Ideological fields need to be curbed, but they resist reform through normal channels. They do their own peer review, reinforcing ideological premises again and again until those premises appear to be self-evident truths.

See Thru Edu is a project of the Texas Public Policy Foundation

Thomas K. Lindsay, Ph.D., Editor in Chief and Director, Center for Higher Education, Texas Public Policy Foundation

The Grievance Hoax and Peer Review

By Mark Bauerlein It was quite an embarrassment.  A team of, well, we’ll call them watchdogs, sent bogus research papers to social science journals for publication and received several acceptances.  (The authors detail their project here. One of the papers, “The Conceptual Penis as a Social Construct,” was taken by the journal Cogent Social Sciences.  […]

Texas Takes The Next Step To Make College More Affordable

(From forbes.com): By Tom Lindsay In 2011, then-Texas Governor Rick Perry called on the Lone Star State’s public four-year universities to craft affordable bachelor’s degrees, what the Governor labeled at the time, “$10,000 degrees.” Texas universities have risen to the challenge. In late 2013, the first Texas Affordable Baccalaureate Degree was launched by Texas A&M-Commerce and […]

A fairer due process for sexual assault adjudication

By Ronald Trowbridge The Office of Civil Rights within the Department of Education has issued a new policy for public scrutiny on adjudication of sexual assault.  That policy incorporated the September decision of the federal 6th Circuit Court of Appeals’ Roe v. Baum decision that required that students accused of sexual assault be permitted-cross examination […]

The Title IX Rule Change on Cross-Examination is Crucial to Due Process

By George Leef Secretary of Education Betsy DeVos stirred up a hornets’ nest when she recently proposed a substantial revision of the rules for Title IX cases. Under the rules imposed during the Obama administration, colleges and universities were expected to follow procedures that stacked the deck against students accused of sexual assault or harassment. […]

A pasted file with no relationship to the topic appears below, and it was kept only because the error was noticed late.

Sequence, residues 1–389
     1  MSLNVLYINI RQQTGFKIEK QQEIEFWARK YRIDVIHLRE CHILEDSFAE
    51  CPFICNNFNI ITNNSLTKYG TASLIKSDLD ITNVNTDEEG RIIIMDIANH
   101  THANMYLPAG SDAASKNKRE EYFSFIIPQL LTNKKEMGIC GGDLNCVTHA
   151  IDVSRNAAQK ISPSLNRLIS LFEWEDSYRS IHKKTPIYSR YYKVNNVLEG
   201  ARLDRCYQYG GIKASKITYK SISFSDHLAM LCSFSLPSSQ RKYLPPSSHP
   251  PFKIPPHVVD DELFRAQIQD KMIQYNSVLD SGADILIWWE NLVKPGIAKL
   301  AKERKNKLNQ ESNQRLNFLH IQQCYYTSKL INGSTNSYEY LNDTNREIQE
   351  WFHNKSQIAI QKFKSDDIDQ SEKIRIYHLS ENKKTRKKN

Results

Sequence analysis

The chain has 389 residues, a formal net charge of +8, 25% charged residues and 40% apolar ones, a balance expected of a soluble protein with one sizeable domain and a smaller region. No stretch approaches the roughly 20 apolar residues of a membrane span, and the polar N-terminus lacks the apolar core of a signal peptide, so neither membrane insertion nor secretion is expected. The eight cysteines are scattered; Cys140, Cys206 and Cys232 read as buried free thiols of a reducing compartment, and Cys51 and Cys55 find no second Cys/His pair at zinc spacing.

Human Potential

By Walter Wendler Without trappings, the ultimate purpose of a university education is to enhance human potential. While wrapping up a high school visit in Amarillo, Texas, I asked the audience of students and parents if anyone had any questions. A young man sitting towards the back of the room with our head football coach […]

Are College “Diversity Statements” Beneficial?

By George Leef In just 40 years, we have gone from a using “diversity” as merely a “plus factor” that colleges and universities could consider in choosing which students to admit (that was the impact of the Bakke case in 1978, a tenuous legal thread that only Justice Powell in his pivotal opinion suggested) to […]

The Real Gender Trouble

By Mark Bauerlein If you consulted only the press, you would think that gender and women’s studies programs were potent forces on college campuses today.  At insidehighered.com recently, for instance, we read of a “Global Attack on Gender Studies,” as if conservative powers were mobilizing against an established and prominent part of higher education. Added […]

The Top Ten Strengths of American Higher Education

By Walter Wendler This reflection was originally published on April 10, 2016. I believe it is worth a second look, and it appears here with only a few modest updates.  WVW American universities are the best in the world. This is widely recognized by experts in higher education from every nation. Fifteen of the world’s top 20 universities […]

Clicks or Bricks

By Walter Wendler With the growing pervasiveness of online and distance education opportunities (Clicks), future students will have transcripts peppered with courses from different modes of instructional delivery at different institutions. At West Texas A&M University, rarely will a student’s academic record come completely from courses taken on campus (Bricks). This “academic diversity” will become […]

Teaching Must Come First

  By Walter Wendler (Originally published on November 30, 2015.  As we begin this season of reflection, “Teaching First” is worthy of another look as we focus on the first purpose of the university and the importance of staying true to our roots.) Forward focus is essential. Over the past four decades, many faculty and university […]